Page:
The social worker at the centre of the Victoria Climbié case has told a Care Standards Tribunal hearing she would be able to manage hostile clients if she was given the opportunity to work as a social worker again.
Lisa Arthurworrey, who is appealing against the General Social Care Council’s refusal to register her, said her psychologist had likened her position to someone in “a concentration camp”, surrounded by conflict.
Since Victoria’s death in February 2000, Arthurworrey said she had been called a child murderer by neighbours and hounded in her job as a housing and debt adviser, on one occasion being issued with a death threat by a colleague. She has been signed off sick from work since December 2007.
“I understand some people hate me, some people like me,” she said, adding she accepted her treatment in the media because “somebody had to get it”.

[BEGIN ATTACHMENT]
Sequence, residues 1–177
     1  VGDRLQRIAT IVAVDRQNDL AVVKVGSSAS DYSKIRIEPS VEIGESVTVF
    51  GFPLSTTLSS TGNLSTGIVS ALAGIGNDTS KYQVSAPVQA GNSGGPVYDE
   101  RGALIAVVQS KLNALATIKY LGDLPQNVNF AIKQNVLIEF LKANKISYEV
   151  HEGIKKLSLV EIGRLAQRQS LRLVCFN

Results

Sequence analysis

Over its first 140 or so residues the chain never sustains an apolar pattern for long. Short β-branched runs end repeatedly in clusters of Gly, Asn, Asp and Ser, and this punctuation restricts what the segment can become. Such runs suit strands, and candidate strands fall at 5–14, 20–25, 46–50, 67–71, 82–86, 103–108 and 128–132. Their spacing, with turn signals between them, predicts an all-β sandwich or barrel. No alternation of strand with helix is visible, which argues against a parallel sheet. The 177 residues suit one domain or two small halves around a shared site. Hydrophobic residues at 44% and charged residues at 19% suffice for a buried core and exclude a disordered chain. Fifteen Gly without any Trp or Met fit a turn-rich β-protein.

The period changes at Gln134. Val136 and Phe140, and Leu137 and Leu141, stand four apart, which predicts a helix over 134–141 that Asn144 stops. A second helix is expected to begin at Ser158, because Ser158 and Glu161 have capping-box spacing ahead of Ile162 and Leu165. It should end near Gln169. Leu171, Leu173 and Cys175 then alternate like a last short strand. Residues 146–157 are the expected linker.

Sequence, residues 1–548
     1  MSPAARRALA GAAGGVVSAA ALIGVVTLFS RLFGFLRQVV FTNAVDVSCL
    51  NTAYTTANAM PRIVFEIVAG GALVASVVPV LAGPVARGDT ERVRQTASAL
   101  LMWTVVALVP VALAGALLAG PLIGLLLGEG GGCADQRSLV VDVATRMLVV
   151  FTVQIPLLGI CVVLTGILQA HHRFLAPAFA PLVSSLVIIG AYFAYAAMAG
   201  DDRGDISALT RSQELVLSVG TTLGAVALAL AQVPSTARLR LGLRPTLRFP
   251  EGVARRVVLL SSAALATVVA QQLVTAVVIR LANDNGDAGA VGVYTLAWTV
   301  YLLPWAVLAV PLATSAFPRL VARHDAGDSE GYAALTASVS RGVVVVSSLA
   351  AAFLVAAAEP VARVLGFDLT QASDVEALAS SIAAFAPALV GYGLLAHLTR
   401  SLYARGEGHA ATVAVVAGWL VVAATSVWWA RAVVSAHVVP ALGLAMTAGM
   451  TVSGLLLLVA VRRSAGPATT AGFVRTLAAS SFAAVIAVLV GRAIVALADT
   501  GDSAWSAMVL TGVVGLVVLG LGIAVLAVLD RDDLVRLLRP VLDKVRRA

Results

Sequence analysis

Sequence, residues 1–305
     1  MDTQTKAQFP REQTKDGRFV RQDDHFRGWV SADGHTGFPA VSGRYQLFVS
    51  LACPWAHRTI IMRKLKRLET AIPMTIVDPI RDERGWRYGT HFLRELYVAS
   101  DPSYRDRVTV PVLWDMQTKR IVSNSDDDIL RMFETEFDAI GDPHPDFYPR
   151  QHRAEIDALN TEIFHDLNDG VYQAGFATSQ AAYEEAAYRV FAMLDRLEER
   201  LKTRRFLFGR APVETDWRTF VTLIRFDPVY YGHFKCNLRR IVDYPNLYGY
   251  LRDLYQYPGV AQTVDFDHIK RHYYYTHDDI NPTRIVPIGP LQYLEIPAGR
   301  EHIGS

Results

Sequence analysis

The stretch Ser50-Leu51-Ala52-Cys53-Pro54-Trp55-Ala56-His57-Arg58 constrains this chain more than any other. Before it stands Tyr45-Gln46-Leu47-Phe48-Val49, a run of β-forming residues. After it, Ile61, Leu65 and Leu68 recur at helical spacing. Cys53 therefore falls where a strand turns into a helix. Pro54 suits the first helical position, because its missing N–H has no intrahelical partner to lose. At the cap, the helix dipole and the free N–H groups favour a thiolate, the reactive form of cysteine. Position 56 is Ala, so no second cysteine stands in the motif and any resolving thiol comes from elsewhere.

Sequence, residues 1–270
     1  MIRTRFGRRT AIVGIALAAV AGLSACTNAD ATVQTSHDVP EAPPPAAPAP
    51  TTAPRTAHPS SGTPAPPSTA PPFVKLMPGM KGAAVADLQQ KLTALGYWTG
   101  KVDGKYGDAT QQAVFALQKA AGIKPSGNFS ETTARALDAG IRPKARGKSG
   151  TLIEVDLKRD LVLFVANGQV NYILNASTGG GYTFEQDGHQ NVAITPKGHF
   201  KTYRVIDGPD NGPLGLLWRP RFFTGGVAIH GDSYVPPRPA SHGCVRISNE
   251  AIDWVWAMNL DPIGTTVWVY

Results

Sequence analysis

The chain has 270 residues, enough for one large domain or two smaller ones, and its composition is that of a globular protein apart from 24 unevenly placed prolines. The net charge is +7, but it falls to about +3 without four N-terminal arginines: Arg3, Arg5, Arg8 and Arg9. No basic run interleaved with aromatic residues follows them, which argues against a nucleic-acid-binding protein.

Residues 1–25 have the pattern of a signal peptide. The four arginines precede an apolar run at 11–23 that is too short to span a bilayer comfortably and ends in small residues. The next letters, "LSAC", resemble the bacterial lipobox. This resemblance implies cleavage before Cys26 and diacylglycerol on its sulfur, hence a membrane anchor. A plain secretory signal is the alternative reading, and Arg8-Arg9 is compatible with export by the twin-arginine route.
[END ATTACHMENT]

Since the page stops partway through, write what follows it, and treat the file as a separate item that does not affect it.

But when questioned about how she dealt with problems and their possible impact on working as a social worker again, she said she was sure she would be able to handle conflict with clients and had had several successes in her current role.
The General Social Care Council decided not to register Arthurworrey on several grounds, including competency. During a two-day hearing last week, the Care Standards Tribunal heard Arthurworrey admit she sent inappropriate e-mails to the GSCC, as a result of feeling “crushed by the system”, and also that she failed to inform the regulator of two criminal convictions. She also admitted failings in Victoria’s case but said she would have been able to protect the eight-year-old had she been working to statutory child protection guidelines.